The Carnegie Middle East Centre – Carnegie Endowment for International Peace
The Center for Strategic Studies – University of Jordan
In the political economy literature Jordan is considered a quasi-rentier state, because it receives a sizeable amount of unconditional foreign aid. The sources of that aid are outside the framework of the national economy and enable the state to expand public spending in a manner incommensurate with the size of the national economy or local tax revenues. This situation resulted in a large public sector, signified by a high number of employees, and spending targeted at the elites in society and their influence.
The private sector in turn was satisfied with this situation, as on one hand the tax burden was low, and on the other hand public sector projects (where the government is the largest employer and the largest consumer) offered a wide range of business opportunities. Additional unofficial relationships were formed between the two sectors based on common interests, a relationship that was not necessarily healthy.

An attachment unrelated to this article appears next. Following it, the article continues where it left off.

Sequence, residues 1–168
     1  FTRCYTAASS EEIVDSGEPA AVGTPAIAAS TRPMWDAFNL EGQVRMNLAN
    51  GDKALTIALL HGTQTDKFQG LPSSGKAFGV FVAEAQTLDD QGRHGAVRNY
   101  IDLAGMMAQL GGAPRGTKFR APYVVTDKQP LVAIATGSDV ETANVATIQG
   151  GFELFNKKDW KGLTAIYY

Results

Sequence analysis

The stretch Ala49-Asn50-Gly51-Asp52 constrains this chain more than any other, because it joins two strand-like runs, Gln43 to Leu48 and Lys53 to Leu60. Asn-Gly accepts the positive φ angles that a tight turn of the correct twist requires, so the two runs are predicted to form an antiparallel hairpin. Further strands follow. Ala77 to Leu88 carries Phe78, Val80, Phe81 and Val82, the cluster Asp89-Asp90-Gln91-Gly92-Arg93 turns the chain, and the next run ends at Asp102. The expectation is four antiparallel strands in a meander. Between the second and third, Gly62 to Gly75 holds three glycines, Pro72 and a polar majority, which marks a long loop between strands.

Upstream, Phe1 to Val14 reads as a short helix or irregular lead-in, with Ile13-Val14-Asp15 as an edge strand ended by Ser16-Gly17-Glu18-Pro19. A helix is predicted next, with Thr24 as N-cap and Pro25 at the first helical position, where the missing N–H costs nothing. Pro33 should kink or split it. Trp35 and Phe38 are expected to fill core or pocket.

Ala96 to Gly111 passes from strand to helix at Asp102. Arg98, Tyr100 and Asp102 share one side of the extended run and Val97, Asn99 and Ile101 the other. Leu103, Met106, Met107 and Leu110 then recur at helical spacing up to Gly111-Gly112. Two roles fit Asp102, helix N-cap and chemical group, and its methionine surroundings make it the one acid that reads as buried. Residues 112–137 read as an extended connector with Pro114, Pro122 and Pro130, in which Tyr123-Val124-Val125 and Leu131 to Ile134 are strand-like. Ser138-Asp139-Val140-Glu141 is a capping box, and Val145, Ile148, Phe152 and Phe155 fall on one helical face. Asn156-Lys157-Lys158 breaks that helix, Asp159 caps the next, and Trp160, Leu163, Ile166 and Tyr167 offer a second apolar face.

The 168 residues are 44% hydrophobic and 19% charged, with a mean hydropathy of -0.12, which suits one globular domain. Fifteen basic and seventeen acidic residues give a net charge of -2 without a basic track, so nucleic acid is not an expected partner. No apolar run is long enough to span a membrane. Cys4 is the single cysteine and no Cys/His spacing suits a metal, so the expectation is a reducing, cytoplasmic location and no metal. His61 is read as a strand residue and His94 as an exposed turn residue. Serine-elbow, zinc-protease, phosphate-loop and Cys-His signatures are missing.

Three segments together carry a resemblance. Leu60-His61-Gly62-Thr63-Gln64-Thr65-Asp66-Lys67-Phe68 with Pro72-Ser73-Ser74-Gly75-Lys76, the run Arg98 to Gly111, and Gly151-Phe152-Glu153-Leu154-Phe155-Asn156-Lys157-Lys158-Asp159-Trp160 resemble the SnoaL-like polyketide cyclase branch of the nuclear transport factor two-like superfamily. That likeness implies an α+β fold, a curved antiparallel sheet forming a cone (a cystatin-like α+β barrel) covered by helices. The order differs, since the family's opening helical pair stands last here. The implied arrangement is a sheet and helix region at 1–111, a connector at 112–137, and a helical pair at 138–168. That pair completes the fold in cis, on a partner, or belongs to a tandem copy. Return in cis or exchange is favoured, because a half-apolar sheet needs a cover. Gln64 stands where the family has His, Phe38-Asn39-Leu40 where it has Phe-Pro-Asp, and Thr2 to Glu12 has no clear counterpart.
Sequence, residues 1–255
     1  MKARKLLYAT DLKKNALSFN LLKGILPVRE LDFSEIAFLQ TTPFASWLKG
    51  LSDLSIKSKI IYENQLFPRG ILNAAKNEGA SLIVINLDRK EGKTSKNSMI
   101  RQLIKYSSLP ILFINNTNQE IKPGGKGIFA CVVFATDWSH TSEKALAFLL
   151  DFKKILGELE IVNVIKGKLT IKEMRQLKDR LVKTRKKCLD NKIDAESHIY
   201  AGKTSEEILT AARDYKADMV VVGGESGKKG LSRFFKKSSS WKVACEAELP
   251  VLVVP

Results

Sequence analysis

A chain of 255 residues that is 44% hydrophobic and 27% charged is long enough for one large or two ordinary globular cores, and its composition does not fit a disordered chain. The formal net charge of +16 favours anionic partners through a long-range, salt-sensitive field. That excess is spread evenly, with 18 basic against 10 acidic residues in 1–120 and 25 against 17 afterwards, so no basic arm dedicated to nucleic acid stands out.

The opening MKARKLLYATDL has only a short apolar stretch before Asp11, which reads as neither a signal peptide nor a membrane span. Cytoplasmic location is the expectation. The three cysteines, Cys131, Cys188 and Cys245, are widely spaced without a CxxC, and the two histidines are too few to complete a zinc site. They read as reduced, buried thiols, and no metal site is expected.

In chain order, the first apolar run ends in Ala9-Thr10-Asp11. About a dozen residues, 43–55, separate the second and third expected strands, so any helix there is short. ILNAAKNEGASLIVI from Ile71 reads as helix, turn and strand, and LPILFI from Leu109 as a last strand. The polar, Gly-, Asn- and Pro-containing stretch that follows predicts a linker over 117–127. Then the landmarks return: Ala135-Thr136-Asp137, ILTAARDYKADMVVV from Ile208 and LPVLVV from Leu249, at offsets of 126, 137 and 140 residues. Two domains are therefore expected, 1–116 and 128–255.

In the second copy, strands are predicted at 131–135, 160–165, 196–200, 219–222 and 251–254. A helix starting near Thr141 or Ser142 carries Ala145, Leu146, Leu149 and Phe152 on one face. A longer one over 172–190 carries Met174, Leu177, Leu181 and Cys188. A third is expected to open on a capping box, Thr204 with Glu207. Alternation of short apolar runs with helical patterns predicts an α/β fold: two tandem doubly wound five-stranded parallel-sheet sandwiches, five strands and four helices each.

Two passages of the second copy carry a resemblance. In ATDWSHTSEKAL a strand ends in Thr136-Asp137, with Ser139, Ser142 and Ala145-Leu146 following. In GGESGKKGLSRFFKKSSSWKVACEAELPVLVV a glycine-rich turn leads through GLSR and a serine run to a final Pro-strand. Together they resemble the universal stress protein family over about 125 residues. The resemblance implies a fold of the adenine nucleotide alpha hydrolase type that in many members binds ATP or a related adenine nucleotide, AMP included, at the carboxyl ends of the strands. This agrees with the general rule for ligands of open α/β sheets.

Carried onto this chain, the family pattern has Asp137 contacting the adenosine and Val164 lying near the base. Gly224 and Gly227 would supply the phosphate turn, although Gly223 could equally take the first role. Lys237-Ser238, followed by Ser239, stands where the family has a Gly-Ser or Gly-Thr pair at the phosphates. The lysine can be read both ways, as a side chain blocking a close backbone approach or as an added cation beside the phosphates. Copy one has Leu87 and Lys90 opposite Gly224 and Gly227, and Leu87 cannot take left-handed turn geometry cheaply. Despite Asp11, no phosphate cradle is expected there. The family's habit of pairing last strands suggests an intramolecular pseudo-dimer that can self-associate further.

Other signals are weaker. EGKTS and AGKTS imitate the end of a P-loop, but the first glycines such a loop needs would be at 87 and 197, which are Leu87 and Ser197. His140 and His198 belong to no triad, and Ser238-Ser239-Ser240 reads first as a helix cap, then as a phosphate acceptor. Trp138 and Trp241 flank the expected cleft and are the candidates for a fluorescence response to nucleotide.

Financial policies regarding taxes were built on the principle of “no taxation, no representation,” and as such there were no demands for representation in econnomic or political decision-making. Local revenue in Jordan does not cover currrent spending, in the sense that the salaries of public sector
workers came from outside the national economy, and this gave economic decission-makers much freedom to act, with the absence of accountability and correcttion.
Large public spending was expanding effective demand and stimulating the economy, and it was the source of the private sector’s operation. In other words, the public sector was the main engine of the economy. No developmental ressponsibility lay with the private sector. That consensus was born from mispercceptions on both sides, the public sector considering the private sector to be a parasite, and the private sector considering the public sector to be a source of livelihood. The other actors in society such as the Parilament and civil society did not have a major role to play.